acquisition and distribution of many tumor specimens, DNA sequencing,
and the matching of genetic information with treatment options. The increased
complexity of these trials provides a rationale for modernization and
simplification of the current cooperative group structure.
Consolidation is intended to improve the efficiencies of operations
centers, data management centers, and tumor banks, and the changes will
take into consideration an assessment of all currently active cooperative
groups. The current groups will also be given opportunities to comment
on the proposed changes and to explore specific aspects of the reorganization
plans in consultation with NCI leadership.
While consolidation of specific groups proceeds, other generalized efficiencies
are already being planned, such as shortening the time required to initiate
new clinical trials. Historically, when a new study was proposed, the
concept had to be submitted for approval in a process that took as long
as several years. Furthermore, if this review was not completed within
two years after concept approval, a trial was very unlikely to reach
its ultimate recruitment goals, in part because the scientific questions
underpinning the concept could be overtaken by new developments.
On Jan. 1, 2011, NCI will impose new deadlines, formulated by its Operational
Efficiency Working Group, which will reduce by half the time to initiate
new clinical studies and will terminate studies not begun within two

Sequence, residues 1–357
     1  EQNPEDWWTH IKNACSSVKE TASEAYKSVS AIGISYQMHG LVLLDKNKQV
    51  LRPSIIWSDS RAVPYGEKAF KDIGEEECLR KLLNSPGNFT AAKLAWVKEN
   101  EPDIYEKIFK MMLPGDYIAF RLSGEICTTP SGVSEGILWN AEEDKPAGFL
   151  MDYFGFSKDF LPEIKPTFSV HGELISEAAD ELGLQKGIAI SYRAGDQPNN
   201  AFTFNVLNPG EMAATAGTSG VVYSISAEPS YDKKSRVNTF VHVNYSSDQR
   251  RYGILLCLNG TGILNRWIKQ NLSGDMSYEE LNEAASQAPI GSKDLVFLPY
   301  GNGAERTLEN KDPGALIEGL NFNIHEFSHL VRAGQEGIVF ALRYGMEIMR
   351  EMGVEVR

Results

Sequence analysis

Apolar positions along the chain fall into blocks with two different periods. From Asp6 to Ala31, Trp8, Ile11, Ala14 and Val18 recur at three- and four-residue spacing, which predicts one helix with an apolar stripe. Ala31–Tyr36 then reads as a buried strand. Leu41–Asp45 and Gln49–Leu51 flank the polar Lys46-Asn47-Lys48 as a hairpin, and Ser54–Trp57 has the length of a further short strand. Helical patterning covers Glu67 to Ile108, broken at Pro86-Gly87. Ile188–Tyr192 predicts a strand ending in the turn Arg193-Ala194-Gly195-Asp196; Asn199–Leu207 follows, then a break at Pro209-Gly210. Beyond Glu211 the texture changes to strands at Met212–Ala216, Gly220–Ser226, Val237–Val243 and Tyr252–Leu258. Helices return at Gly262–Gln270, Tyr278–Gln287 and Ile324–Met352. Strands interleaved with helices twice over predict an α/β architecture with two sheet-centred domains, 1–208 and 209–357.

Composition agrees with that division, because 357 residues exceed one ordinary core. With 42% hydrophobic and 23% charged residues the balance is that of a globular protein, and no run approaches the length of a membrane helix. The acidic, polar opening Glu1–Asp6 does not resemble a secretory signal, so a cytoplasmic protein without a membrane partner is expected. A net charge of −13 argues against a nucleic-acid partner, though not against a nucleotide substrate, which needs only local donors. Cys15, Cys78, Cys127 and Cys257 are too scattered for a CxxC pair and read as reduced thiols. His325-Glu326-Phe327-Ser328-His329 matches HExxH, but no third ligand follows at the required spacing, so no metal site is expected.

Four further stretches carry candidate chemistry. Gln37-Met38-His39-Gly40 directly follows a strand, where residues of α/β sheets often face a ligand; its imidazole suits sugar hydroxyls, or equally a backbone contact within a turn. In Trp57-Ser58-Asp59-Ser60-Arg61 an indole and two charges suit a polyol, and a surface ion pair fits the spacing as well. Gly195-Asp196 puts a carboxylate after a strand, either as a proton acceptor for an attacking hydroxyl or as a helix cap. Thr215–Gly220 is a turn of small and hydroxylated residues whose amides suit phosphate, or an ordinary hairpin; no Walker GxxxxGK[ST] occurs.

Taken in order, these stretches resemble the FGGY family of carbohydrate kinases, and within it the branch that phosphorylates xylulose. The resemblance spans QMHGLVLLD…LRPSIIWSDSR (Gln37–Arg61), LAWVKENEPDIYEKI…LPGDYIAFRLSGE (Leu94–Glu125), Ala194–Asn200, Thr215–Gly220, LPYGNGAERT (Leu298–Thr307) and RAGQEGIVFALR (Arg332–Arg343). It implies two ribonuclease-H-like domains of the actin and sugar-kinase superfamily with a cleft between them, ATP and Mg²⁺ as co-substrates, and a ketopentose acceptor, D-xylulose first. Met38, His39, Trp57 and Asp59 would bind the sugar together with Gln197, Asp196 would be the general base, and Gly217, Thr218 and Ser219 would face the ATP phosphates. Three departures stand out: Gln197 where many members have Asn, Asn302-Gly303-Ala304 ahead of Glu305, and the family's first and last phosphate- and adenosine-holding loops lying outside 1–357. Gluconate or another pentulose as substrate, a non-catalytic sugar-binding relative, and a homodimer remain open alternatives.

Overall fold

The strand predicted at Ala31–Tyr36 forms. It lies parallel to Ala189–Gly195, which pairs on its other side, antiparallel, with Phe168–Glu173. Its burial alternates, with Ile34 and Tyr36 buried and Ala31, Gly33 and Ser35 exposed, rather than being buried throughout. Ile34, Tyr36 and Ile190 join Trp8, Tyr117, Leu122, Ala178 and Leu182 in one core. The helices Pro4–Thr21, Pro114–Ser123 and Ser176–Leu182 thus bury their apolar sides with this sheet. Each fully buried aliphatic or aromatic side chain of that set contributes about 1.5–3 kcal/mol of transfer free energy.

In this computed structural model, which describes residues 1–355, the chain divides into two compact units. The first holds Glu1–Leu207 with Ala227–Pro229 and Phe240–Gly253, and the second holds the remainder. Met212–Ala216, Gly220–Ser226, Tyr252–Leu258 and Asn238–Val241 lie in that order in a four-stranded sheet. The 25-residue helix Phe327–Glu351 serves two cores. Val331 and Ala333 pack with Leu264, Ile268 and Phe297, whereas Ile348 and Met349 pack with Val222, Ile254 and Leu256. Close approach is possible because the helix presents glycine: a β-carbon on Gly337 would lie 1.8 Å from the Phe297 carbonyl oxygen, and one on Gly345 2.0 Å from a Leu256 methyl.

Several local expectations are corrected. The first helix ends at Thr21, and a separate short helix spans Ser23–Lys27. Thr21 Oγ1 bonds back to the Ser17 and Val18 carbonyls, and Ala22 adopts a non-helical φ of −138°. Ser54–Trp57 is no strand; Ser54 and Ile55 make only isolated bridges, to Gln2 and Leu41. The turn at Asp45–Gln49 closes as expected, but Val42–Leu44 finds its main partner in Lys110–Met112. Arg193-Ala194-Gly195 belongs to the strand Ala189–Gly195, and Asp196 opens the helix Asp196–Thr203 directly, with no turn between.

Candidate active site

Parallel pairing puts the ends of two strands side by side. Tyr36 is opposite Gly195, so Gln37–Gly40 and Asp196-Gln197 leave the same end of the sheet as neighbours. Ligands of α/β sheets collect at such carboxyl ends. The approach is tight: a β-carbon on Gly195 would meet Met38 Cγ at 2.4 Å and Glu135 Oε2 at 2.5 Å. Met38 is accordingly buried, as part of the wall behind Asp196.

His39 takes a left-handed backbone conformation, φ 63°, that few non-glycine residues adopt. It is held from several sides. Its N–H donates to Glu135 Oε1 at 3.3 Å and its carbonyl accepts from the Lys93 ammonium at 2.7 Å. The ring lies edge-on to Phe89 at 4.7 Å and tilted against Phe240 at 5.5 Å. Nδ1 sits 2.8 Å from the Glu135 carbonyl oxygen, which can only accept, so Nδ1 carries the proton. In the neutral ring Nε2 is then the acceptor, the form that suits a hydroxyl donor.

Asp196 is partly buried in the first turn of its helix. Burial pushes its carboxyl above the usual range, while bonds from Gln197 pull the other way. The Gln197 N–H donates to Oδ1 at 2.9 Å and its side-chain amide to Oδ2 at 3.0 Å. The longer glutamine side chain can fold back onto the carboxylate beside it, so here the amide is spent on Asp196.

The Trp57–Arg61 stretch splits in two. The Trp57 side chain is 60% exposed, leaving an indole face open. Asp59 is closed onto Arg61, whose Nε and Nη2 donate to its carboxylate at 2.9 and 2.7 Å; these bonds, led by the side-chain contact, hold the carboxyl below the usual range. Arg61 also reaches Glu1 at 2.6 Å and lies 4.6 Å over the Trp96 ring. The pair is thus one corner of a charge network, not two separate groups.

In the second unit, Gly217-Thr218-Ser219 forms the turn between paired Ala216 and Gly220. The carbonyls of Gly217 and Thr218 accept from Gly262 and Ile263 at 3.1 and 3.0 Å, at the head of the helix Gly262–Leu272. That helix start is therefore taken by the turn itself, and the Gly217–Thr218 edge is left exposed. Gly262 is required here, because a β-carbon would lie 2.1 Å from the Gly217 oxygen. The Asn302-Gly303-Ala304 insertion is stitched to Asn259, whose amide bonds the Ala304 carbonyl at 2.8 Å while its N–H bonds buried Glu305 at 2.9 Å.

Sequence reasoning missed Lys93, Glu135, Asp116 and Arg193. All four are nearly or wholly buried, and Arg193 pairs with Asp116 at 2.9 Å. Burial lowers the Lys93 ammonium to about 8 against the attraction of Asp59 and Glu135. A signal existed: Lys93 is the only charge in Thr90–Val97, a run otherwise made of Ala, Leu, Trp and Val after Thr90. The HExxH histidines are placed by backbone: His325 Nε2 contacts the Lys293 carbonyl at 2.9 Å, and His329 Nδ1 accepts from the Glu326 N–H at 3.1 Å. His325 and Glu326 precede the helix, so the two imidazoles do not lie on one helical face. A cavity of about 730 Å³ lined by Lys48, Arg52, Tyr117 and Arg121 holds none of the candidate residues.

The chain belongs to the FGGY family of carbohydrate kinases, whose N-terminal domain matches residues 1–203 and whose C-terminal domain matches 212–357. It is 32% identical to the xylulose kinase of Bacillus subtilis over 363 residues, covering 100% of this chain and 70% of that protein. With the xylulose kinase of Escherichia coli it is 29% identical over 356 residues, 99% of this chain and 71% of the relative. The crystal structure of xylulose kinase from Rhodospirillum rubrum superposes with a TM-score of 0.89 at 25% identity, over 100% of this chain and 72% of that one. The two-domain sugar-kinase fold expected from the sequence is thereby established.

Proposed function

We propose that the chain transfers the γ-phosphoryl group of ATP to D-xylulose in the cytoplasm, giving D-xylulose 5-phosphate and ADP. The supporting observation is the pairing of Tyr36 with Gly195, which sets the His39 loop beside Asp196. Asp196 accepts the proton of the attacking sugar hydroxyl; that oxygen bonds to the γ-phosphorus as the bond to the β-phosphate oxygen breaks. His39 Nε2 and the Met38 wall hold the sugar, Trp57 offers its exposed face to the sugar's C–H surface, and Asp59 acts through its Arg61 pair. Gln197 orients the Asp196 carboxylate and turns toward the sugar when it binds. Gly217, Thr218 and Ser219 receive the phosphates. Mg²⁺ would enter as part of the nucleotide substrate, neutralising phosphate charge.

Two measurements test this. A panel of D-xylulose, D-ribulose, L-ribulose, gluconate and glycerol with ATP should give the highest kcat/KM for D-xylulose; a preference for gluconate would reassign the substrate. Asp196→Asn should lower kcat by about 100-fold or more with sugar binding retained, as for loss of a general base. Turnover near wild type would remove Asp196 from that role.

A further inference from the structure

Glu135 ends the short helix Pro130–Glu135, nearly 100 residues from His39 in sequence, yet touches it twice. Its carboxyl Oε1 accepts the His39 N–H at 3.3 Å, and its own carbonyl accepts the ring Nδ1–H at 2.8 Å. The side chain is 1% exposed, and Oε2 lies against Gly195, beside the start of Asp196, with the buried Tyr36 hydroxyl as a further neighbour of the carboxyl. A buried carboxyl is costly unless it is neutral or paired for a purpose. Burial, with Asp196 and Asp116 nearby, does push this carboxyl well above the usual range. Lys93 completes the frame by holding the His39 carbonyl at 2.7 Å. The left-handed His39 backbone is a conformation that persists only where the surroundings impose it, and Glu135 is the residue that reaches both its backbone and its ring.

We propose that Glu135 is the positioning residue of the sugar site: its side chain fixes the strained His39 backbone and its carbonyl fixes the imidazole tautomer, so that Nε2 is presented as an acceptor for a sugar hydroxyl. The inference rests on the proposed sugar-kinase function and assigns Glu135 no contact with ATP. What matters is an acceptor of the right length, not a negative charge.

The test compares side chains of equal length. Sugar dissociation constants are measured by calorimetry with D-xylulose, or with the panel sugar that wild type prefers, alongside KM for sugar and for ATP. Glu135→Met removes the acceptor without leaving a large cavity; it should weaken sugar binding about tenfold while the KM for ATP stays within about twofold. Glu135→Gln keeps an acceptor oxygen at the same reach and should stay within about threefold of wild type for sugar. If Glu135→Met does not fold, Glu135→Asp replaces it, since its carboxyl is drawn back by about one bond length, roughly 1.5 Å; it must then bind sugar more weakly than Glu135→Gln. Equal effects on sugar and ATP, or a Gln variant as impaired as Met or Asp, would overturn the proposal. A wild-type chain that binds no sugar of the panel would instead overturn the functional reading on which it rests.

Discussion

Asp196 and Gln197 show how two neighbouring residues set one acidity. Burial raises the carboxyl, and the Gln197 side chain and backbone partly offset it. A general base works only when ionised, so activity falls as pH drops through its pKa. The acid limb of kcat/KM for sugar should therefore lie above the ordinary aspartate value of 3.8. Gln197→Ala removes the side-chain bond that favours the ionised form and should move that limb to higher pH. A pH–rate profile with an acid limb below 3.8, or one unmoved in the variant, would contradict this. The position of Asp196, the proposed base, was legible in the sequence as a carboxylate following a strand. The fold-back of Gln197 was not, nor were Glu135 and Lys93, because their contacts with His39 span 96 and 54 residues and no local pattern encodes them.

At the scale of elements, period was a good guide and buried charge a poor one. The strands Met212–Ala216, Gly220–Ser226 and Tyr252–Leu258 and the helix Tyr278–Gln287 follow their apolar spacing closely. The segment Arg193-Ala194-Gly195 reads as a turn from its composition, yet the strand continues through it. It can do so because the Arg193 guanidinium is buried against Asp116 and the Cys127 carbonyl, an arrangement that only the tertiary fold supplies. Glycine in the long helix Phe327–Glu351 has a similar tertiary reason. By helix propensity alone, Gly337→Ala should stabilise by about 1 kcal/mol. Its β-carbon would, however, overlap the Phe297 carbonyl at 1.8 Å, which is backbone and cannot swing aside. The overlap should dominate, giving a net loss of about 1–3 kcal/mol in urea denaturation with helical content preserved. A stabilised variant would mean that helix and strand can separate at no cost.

years of concept approval.
NCI has also been working to increase efficiency in several other ways,
Decreasing the average time for final sign-off and approval on protocols
for national trials by its centralized institutional review board from
150 days in 2007, to 42 days in 2010
Prioritizing a revamped review process, which will include advocates
and professionals at cancer centers, with new emphasis on disease-specific
and modality-specific oversight, such as imaging or cancer control
Modernizing information technology so that a single system can collect
standardized clinical trial data, such as patient information and outcomes
A list of the current 10 U.S.-based NCI Cooperative Groups can be found
at http://www.cancer.gov/cancertopics/factsheet/NCI/clinical-trials-cooperative-group NCI,
a component of the National Institutes of Health (NIH), leads the National
Cancer Program and the NIH effort to reduce the burden of cancer and improve
the lives of cancer patients and their families, through research into
prevention and cancer biology, the development of new interventions, and
the training and mentoring of new researchers. For more information about
cancer, please visit the NCI Web site at http://www.cancer.gov or
call NCI's Cancer Information Service at 1-800-4-CANCER (1-800-422-6237).
The National Institutes of Health (NIH) — The Nation's Medical
Research Agency — includes 27 Institutes and Centers and is
a component of the U.S. Department of Health and Human Services. It is
the primary federal agency for conducting and supporting basic, clinical
and translational medical research, and it investigates the causes, treatments,
and cures for both common and rare diseases. For more information about
NIH and its programs, visit www.nih.gov .